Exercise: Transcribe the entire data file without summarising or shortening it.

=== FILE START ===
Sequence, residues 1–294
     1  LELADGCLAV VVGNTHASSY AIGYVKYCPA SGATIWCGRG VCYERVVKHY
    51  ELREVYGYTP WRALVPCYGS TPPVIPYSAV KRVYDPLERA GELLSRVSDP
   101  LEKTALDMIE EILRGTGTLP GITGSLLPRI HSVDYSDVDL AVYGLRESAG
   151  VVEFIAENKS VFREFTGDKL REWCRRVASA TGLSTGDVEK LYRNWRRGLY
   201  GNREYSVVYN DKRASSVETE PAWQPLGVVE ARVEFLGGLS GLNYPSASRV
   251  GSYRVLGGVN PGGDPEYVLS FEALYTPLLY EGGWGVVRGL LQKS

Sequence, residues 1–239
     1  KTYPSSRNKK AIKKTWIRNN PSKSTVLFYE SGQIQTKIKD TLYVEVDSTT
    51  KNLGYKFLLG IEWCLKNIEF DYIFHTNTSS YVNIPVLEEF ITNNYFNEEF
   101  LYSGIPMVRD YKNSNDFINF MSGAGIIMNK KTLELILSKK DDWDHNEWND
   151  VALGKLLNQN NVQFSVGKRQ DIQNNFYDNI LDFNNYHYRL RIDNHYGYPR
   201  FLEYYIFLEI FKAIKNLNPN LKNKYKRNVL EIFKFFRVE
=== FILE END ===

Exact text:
Sequence, residues 1–294
     1  LELADGCLAV VVGNTHASSY AIGYVKYCPA SGATIWCGRG VCYERVVKHY
    51  ELREVYGYTP WRALVPCYGS TPPVIPYSAV KRVYDPLERA GELLSRVSDP
   101  LEKTALDMIE EILRGTGTLP GITGSLLPRI HSVDYSDVDL AVYGLRESAG
   151  VVEFIAENKS VFREFTGDKL REWCRRVASA TGLSTGDVEK LYRNWRRGLY
   201  GNREYSVVYN DKRASSVETE PAWQPLGVVE ARVEFLGGLS GLNYPSASRV
   251  GSYRVLGGVN PGGDPEYVLS FEALYTPLLY EGGWGVVRGL LQKS

Sequence, residues 1–239
     1  KTYPSSRNKK AIKKTWIRNN PSKSTVLFYE SGQIQTKIKD TLYVEVDSTT
    51  KNLGYKFLLG IEWCLKNIEF DYIFHTNTSS YVNIPVLEEF ITNNYFNEEF
   101  LYSGIPMVRD YKNSNDFINF MSGAGIIMNK KTLELILSKK DDWDHNEWND
   151  VALGKLLNQN NVQFSVGKRQ DIQNNFYDNI LDFNNYHYRL RIDNHYGYPR
   201  FLEYYIFLEI FKAIKNLNPN LKNKYKRNVL EIFKFFRVE